Lobster Johnson: The Burning Hand #1 (Published by Dark Horse Comics; Review by Edward Kaye; ’Rama Rating: 9 out of 10):
Mike Mignola and John Arcudi bring us a tale from the early days of the B.P.R.D. Universe’s own pulp hero. The events of the series seem to occur before those of ‘The Iron Prometheus’ and his encounter with Memnan Saa, and find Lobster going up against a New York gang lord who is terrorizing citizen into leaving their homes. It’s a great prohibition era story with an intriguing premise that holds lots of promise for thing to come later in the series. Mignola and Arcudi take an interesting approach to telling the story by making the protagonist a female reporter who is investigating the strange gangland deaths in the neighborhood. You see, in the B.P.R.D. universe the public never knew that Lobster Johnson actually existed, and believed him to just be a pulp magazine character. So by focusing on the reporter, it allows the reader to experience the story from her perspective, and really enhances the sense of mystery. The series artist is Tonci Zonjic, whose artwork I’ve never seen before, but I’m already incredibly impressed. His artwork seems a great fit for this book, and is dripping in pulp and noir sensibilities. A look that is enhanced by another breathtaking color job courtesy of Dave Stewart. Lobster Johnson: The Burning Hand #1 is a great fun read and is highly recommended for fans of nostalgic pulp magazine stories.

 

PunisherMax #21 (Published by Marvel Comics; Review by Edward Kaye; ’Rama Rating: 10 out of 10):
It’s not often that a comic can elicit a real emotional response from me, but as I read the last few pages of PunisherMax #21 a chill ran down my spine, and tears welled up in my eyes. If you’ve been following the series, you’ll know that things are heading toward an inevitable conclusion, but it’s the skill with which Jason Aaron is delivering the finale with that gives the story such a strong emotional impact. Frank Castle’s final mission is punctuated with flashback from his youth, his time in Vietnam, and from the last days before he headed off to war - the latter containing some chillingly foreboding lines from his wife. I just love what Jason Aaron has done with this title, making it like an incredibly dark Ultimate Universe book. He’s never tried to touch what Garth Ennis did with the old series, but in this issue a couple of Frank’s flashbacks will feel familiar to long-time readers - it’s a nice tribute. Steve Dillon illustrates the issue with impeccably clean linework that makes everything look sort of... sterile and calm. I think it beautifully conveys Frank’s emotional state, in that he’s entirely disconnected from the violent acts that he must perpetrate to achieve his goals. There’s no need for excessive gore, no need for flashy effects, everything is portrayed in a very matter-of-fact manner, which suits the tale perfectly. PunisherMax #21 gives readers the perfect ending to the epic Kingpin storyline. It’s some of Jason Aaron & Steve Dillon’s finest work.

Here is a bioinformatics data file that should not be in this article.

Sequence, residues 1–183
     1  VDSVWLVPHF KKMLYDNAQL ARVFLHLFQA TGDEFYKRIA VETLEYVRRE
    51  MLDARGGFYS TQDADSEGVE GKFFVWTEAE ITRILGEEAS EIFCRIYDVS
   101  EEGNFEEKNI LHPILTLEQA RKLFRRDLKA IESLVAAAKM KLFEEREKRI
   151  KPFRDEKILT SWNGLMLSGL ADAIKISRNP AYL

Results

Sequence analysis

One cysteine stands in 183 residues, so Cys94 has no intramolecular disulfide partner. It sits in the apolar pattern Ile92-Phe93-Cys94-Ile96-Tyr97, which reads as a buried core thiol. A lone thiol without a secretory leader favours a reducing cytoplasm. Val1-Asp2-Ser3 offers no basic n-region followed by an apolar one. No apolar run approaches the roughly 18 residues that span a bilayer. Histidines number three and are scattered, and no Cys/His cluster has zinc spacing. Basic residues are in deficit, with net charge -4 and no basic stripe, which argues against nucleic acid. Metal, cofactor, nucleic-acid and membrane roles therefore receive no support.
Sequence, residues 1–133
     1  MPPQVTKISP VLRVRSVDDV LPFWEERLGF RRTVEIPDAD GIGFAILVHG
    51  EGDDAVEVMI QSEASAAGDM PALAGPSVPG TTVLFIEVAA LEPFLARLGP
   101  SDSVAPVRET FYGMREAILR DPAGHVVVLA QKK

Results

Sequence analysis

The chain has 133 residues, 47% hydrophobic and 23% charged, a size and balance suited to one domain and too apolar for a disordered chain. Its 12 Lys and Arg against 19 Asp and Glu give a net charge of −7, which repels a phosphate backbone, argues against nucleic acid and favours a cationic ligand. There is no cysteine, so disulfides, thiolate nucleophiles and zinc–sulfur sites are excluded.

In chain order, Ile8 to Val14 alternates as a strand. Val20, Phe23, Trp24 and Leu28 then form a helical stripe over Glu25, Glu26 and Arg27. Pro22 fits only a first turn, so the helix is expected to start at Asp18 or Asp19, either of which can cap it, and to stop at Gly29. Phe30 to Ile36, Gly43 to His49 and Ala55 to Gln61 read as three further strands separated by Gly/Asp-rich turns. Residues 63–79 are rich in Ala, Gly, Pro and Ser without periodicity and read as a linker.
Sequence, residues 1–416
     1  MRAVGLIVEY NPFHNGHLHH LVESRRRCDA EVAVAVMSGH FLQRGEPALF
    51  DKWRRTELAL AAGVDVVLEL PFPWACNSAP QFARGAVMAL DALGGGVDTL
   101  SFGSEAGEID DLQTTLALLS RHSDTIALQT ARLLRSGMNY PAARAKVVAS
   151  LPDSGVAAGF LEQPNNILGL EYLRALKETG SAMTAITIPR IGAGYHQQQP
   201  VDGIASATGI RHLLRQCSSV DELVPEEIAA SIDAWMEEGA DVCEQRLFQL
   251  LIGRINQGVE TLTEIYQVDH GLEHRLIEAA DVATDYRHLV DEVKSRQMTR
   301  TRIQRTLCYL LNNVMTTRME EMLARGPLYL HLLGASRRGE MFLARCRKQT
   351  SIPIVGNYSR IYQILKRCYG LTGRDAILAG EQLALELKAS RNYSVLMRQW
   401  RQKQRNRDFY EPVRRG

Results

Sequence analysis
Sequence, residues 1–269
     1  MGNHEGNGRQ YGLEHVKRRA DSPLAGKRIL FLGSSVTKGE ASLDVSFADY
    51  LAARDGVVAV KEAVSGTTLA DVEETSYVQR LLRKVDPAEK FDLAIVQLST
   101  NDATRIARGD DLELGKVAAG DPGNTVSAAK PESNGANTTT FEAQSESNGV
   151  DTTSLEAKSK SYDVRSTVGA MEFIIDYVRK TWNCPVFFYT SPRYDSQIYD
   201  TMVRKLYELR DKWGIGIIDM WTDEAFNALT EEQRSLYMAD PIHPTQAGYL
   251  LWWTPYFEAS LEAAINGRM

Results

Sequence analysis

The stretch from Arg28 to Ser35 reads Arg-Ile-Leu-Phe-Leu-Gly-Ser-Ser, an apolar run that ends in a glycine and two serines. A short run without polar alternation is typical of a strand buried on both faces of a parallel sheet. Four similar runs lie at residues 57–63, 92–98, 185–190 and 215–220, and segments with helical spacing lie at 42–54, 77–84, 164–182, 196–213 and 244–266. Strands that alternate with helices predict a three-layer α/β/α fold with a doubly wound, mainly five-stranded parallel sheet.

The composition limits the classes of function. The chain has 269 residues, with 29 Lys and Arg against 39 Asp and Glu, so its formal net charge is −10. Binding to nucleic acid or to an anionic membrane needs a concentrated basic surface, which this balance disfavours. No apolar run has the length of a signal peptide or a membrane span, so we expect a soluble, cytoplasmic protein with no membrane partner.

Princeless #4; Published by Action Lab Entertainment; Review by Erika D. Peterman; ’Rama Rating: 8 out of 10:
This winning series isn’t the first to upend the stereotypical princess tale, but it may be one of the most clever and refreshing. It's a child-appropriate comic that's great for kids, and many an adult reader will appreciate Jeremy Whitley's sharp writing and humor. The concept: Adrienne, an intrepid young princess whose parents locked her in a tower to await a worthy suitor, has escaped and is on a quest to rescue her similarly imprisoned sisters. Adrienne acquires a sidekick of sorts in issue #4, the equally plucky blacksmith Bedelia, who wields a mean hammer and craves adventure. These two make such a good comic duo that they ought to be cast as young action heroines in a separate title. Like the previous issues, Princeless #4 is a fun and fast-paced comic with appealing, cartoon-like illustrations by M. Goodwin. (In one panel, an unconscious bad guy has Xs where his eyes should be.) From the start, I've wondered why Adrienne’s kind mother allowed her bullying husband to put their daughters in pretty jails, and the story sheds some light on her complicity and regret. This issue concludes the first arc, so you’d really have to go back to the beginning to understand what's going on. It's worth it. If the comics industry is interested in getting young readers — especially girls — into comics, more books like Princeless would be a good start.